C'est une étape énorme, se félicite le vice-amiral Philip Cullom, chef d'état-major adjoint de l'US Navy, qui cherche à se désengager de sa dépendance au pétrole et des variations de son prix.

 

Et la Marine est gourmande: en 2011, la Navy a consommé près de deux millions de tonnes de carburant. La transformation d'eau de mer en kérosène pourrait coûter à terme entre 3 et 6 dollars par gallon (3,8 litres), espère le NRL.

 

Après neuf ans de travail sur le sujet, Heather Willauer, une chimiste du NRL ne cache pas sa joie: pour la première fois, nous avons été capables de mettre au point une technologie pour capturer de façon simultanée le CO2 et l'hydrogène contenue dans l'eau de mer et d'en faire un carburant liquide, c'est une percée importante.

 

- Directement utilisable -

 

Le CO2 -dont la concentration est 140 fois plus importante dans l'océan que dans l'air- et l'hydrogène sont capturés par un processus d'électrolyse et ensuite liquéfiés et transformés en hydrocarbures.

 

Ce carburant a sensiblement la même apparence et la même odeur qu'un kérosène conventionnel, assure Heather Willauer. Surtout, le grand avantage, selon le vice-amiral Cullom, est qu'il est directement utilisable dans les moteurs de navires et d'avions actuels. Pas besoin donc de mettre au point de nouveaux moteurs.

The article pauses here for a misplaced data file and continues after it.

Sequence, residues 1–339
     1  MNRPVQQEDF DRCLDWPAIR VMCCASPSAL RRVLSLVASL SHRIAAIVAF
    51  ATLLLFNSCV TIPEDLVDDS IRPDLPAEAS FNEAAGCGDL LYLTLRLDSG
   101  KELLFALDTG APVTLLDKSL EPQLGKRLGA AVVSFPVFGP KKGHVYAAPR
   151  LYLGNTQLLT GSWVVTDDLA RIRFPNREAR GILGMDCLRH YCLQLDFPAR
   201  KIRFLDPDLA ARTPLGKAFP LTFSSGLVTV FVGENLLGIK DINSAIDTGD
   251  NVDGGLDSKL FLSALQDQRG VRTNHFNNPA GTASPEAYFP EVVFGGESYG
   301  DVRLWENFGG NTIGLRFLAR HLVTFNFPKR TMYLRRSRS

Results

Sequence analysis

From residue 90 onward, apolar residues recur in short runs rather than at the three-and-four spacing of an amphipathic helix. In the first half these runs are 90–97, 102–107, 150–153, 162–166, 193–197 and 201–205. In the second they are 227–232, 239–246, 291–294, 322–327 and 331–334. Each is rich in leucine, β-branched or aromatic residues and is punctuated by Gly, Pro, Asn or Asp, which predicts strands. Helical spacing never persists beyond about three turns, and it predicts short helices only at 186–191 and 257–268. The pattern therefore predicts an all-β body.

La production de ce carburant ne s'effectue pour l'instant qu'en petites quantités en laboratoire. L'unité de production, dont les divers éléments sont disponibles dans le commerce, est installée sur une palette d'environ 1,5 mètre de côté. Pour passer à une quantité industrielle, il suffira de multiplier les unités de production.

 

Mais avant cela, en partenariat avec plusieurs universités, le laboratoire veut améliorer encore la quantité de CO2 et d'hydrogène capturés. Nous avons démontré la faisabilité, nous voulons améliorer l'efficacité, explique Mme Willauer.

 

Les implications de cette innovation sont prometteuses sur le plan stratégique car elles devraient permettre de raccourcir la chaîne logistique, un maillon faible dans chaque armée car plus facile à attaquer.

 

Dans la Marine, on ne va pas nécessairement à la station-service pour se ravitailler, c'est la station-service qui vient à nous par le biais d'un pétrolier ou d'un navire de ravitaillement, explique le vice-amiral Cullom. Les Etats-Unis disposent d'une flotte de 15 pétroliers-ravitailleurs militaires.

 

Seuls les porte-avions sont dotés d'une propulsion nucléaire. Tous les autres navires doivent fréquemment abandonner leur mission pendant quelques heures pour naviguer en parallèle avec le pétrolier le temps de faire le plein, une opération délicate, surtout par gros temps.

 

Mais les chercheurs préviennent: il faut encore compter dix ans au moins avant que les navires américains soient en mesure de produire à bord leur propre carburant.

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8 avril 2014 2 08 /04 /avril /2014 07:20
Navy to Test F-35C on Carrier This Fall